Culinary Anthropologist


  1. Carnitas

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    Carnitas was the last dish I cooked here in San Francisco.  It’s
    Mexican, porky and delicious, and was therefore a very fitting final
    dinner in our apartment.  It’s a Mexican classic and one I’d had many times at local taquerias.  You can find all sorts of recipes for carnitas, involving different meats, flavourings and cooking methods.  This pork ‘n’ lard version is the real deal.  My method follows that of the chef at Mexico DF restaurant, who shared it after we’d devoured several pounds of the stuff.  It is meltingly tender on the inside, crispy on the outside and wonderfully porky.  You will be in pig heaven.

    carnitas.jpgSince the carnitas-fest we have been desperately trying to
    get round all the Bay Area restaurants we wanted to try, while packing up all our
    I now sit in a beautifully clean and empty flat, with a whole hour to go
    until we leave for the airport.  Never before have we been so timely and
    organised before catching a plane.

    This one’s for Tamar, Raquel, Megan, Carri and Will, who actually gave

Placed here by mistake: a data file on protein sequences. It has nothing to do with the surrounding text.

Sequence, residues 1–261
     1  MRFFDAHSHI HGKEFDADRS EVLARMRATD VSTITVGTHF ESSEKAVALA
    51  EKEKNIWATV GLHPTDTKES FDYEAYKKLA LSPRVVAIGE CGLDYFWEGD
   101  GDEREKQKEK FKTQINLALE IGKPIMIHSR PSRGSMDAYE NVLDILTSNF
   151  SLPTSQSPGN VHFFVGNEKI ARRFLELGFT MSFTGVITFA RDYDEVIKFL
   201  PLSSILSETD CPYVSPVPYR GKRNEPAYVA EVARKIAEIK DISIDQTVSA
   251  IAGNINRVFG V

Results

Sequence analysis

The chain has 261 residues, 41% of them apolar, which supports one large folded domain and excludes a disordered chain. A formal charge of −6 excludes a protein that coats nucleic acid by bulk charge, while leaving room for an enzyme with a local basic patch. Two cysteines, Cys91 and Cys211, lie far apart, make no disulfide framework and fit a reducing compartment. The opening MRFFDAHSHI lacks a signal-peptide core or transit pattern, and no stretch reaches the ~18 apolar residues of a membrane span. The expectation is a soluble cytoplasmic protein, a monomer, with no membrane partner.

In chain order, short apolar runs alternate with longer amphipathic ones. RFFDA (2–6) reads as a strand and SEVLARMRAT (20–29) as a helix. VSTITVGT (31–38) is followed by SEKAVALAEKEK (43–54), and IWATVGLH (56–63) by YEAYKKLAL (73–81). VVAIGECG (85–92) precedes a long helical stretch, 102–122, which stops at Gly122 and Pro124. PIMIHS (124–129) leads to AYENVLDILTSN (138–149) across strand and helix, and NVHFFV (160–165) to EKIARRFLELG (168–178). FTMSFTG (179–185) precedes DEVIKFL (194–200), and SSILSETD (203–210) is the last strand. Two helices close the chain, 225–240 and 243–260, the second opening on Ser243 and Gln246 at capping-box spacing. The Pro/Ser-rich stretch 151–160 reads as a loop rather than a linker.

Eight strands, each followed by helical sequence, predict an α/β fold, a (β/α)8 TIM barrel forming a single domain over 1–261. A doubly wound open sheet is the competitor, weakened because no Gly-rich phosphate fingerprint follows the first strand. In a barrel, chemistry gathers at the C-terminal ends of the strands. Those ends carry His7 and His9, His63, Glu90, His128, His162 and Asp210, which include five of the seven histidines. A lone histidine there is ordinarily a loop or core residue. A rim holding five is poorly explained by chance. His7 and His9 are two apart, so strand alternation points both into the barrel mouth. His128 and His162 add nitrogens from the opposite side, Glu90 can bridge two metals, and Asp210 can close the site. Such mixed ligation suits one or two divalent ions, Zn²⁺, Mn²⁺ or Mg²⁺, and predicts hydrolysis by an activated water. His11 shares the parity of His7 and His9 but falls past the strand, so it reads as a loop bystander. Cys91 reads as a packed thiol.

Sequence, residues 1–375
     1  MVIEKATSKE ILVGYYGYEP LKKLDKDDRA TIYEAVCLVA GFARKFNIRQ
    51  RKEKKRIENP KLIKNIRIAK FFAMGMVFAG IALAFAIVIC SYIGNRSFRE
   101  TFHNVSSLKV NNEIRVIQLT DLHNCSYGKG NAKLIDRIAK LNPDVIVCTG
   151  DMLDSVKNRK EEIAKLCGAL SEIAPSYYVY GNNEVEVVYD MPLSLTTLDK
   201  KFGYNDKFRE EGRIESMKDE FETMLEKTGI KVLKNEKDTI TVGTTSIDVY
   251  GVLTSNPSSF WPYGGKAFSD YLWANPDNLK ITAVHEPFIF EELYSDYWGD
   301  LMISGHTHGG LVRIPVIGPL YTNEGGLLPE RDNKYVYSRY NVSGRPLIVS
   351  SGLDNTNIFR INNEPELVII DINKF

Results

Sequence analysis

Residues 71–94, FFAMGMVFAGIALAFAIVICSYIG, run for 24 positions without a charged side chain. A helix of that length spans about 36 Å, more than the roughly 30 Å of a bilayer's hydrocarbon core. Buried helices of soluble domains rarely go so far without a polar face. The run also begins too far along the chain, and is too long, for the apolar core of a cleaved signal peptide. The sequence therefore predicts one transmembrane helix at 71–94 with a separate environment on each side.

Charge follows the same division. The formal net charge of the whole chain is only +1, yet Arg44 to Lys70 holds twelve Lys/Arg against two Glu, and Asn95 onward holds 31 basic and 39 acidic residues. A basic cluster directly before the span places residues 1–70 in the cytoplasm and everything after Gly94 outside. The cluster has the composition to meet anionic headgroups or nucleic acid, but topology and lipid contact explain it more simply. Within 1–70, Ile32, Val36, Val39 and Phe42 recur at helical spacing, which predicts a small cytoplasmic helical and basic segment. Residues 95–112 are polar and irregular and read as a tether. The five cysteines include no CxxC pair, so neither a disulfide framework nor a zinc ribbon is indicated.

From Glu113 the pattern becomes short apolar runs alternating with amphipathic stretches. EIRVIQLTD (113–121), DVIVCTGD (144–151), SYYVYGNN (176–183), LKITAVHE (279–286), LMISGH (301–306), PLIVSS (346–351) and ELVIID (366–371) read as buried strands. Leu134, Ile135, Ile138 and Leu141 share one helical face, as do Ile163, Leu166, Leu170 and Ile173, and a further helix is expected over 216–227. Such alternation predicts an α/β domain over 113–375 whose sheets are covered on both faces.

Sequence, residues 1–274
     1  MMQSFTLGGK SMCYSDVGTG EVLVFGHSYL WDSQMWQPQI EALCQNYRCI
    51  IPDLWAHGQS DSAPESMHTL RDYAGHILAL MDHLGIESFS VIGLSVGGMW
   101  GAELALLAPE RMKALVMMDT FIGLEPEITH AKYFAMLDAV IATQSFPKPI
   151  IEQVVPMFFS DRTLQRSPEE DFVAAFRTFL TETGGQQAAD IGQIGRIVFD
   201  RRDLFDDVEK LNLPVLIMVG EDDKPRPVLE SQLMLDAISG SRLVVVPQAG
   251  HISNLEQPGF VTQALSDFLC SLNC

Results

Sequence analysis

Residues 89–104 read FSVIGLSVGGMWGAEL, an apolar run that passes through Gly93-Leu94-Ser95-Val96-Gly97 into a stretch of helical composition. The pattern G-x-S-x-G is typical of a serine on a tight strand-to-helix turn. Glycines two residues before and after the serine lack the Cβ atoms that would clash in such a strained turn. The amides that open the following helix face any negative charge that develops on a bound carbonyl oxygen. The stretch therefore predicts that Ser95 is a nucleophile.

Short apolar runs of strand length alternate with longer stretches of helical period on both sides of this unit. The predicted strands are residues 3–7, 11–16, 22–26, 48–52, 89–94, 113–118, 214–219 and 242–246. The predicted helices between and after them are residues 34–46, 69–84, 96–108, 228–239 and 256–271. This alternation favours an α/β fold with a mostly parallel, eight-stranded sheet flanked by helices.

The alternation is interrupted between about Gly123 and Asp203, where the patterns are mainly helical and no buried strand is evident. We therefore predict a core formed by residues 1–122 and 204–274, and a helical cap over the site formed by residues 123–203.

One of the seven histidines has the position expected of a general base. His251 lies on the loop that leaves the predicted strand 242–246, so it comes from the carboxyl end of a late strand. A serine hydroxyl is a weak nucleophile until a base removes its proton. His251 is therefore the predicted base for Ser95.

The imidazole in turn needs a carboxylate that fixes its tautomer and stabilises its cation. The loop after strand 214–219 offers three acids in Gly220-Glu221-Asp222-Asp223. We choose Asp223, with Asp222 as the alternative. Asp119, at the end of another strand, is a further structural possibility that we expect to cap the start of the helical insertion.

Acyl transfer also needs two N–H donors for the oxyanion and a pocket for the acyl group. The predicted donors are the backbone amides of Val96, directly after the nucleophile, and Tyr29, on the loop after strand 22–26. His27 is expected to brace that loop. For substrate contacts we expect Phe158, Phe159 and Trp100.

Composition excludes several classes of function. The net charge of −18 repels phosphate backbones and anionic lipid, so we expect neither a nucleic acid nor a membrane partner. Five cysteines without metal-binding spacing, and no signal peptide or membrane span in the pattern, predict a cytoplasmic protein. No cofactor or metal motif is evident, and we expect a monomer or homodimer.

us money for our furniture.  Tamar liked it so much she decided it would
    be easier just to move in when we leave.


  2. Chorizo

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    Chorizo is pronounced ‘chorissoh’ or, in some parts of Spain, ‘chorithoh’, but never ‘choritzoh’, please.

    It comes in all sorts of varieties in many countries around the world, notably Spain, Portugal and Mexico, but also India (Goa, due to Portuguese colonial presence), Argentina and the Philippines.

    Spanish chorizo is usually, but not always, cured, and therefore edible as is, sliced.  It’s made from coarsely chopped fatty pork and flavoured with garlic and smoked paprika.  It can be hot – ‘picante’, or sweet – ‘dulce’.

    Mexican chorizo, on the other hand, is a very different sausage – made from ground pork, flavoured with additional spices such as cinnamon, and importantly, requires cooking.